Furthermore all gets planned after the public debate. The people see one thing and then the administration does another, the plan disappears then comes back to light after it has been approved and become law. And when the planning tkes place after the public debate, that's when the corruption happens. Everything goes through the Department of Architecture at the University in Belgrade. The leader of the team for planning is Professor Miodrag Ralevic, against whom many accusations of corruption have been lodged with the Magistrates at Kotor. Now, according to the information I have, the Magistrates at Kotor are thinking of launching an investigation to clarify how the Plan for the centre of Budva was arrived at. We no longer know who to turn to. This Plan should be outlawed to save Budva.
This year is the twentieth anniversary of when Montenegro declared itself an “Ecological State”. A small country but of extraordinary beauty with many still unspoilt natural areas. Don't you think little would be needed to keep it at a high level, to develop it in a sustainable, respectful manner?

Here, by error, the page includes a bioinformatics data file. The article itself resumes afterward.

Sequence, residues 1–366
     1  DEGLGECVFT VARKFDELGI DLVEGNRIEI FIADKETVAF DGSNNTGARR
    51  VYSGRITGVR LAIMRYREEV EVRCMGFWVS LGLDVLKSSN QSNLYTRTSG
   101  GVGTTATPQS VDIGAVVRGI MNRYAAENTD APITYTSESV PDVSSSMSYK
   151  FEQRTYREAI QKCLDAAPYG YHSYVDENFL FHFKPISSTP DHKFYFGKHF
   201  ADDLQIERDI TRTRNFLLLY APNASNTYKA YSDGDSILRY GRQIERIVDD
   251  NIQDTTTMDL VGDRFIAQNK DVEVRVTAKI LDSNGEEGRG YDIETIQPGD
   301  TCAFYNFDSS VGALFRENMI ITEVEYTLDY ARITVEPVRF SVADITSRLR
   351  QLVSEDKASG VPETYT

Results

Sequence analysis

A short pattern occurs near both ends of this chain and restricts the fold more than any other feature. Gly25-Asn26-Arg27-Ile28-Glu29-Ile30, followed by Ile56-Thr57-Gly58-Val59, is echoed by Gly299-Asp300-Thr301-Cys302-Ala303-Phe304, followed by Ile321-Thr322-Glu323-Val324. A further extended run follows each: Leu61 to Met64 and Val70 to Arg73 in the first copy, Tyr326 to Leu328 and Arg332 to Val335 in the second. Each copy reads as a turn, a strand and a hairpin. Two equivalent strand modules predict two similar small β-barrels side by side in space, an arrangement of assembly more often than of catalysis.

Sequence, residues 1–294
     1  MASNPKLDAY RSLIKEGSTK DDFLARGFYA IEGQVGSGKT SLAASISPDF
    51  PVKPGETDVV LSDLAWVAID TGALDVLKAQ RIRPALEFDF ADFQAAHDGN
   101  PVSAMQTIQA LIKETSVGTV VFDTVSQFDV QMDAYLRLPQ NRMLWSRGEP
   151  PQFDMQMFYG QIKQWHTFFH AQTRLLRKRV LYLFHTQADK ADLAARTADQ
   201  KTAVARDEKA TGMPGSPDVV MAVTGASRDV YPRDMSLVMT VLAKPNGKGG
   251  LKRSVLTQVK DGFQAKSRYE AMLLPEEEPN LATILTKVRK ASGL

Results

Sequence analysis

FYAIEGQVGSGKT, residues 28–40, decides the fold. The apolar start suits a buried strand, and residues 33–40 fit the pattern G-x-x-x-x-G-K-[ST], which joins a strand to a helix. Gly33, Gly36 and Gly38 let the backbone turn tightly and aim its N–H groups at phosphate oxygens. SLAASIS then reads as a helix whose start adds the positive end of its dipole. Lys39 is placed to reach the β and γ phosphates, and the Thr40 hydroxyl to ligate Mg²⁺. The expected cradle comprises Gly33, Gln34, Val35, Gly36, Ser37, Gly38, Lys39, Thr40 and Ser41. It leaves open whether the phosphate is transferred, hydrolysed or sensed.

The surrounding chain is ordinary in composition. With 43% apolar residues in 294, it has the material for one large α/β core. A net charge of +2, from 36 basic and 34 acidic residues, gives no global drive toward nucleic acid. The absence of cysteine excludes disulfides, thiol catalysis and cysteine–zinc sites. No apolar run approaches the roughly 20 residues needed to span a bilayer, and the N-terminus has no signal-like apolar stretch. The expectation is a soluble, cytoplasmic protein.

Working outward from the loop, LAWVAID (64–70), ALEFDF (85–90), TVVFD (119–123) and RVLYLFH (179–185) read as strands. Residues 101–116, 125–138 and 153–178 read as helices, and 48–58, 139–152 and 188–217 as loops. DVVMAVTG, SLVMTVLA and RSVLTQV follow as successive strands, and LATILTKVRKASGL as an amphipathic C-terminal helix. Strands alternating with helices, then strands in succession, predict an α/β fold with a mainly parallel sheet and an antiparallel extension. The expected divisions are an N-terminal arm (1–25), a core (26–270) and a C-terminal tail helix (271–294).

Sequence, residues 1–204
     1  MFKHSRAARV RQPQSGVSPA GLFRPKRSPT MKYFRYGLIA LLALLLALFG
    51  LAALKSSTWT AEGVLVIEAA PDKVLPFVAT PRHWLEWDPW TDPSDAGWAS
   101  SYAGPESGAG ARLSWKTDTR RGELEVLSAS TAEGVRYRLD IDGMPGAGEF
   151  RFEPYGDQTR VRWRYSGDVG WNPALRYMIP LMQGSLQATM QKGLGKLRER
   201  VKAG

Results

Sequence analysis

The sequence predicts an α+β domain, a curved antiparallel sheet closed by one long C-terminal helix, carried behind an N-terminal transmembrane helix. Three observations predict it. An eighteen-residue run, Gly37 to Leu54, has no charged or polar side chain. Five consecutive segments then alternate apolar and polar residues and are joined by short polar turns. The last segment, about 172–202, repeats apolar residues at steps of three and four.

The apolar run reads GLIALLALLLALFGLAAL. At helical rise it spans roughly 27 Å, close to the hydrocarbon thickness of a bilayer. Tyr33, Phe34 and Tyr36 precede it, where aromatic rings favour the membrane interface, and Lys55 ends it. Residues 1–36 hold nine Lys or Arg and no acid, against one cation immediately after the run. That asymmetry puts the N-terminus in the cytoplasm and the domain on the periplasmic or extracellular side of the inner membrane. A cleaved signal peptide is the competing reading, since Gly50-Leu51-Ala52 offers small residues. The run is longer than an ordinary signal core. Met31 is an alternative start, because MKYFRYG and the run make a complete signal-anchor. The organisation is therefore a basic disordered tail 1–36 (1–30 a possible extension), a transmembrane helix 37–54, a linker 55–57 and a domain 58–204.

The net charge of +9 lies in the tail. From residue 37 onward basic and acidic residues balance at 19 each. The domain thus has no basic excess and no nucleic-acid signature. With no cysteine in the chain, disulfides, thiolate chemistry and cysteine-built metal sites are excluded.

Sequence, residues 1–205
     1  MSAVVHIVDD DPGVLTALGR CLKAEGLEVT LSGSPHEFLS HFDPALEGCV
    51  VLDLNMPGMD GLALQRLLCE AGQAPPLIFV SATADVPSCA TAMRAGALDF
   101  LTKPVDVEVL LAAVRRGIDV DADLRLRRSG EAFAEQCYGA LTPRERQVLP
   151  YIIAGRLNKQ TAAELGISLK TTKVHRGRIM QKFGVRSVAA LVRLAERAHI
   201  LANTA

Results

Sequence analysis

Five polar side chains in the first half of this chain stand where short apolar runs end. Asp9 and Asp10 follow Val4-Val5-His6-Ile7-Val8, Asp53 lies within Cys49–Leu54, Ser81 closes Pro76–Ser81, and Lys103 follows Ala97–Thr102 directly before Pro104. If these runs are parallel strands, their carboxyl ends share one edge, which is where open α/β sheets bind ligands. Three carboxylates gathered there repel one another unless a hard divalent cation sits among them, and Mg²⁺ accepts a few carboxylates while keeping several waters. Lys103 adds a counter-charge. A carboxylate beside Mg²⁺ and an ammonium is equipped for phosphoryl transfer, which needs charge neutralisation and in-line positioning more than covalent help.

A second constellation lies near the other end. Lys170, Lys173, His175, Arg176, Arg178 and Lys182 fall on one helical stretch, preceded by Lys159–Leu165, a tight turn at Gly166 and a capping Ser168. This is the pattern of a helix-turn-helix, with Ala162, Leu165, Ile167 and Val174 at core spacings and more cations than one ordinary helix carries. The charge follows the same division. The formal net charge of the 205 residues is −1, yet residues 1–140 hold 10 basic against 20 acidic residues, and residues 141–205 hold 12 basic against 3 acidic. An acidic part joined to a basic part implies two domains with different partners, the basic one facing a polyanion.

Montenegro only develops in one way: the money accumulated during the contrband trafficking of cigarettes then invested in foreign banks, particularly in Cyprus, returns to the country and is recycled in construction. Ecology holds absolutely no interest for these people. The so-called “Ecological State of Montenegro” is very far from the concept of a state which intervenes to protect its environment and therefore its own citizens.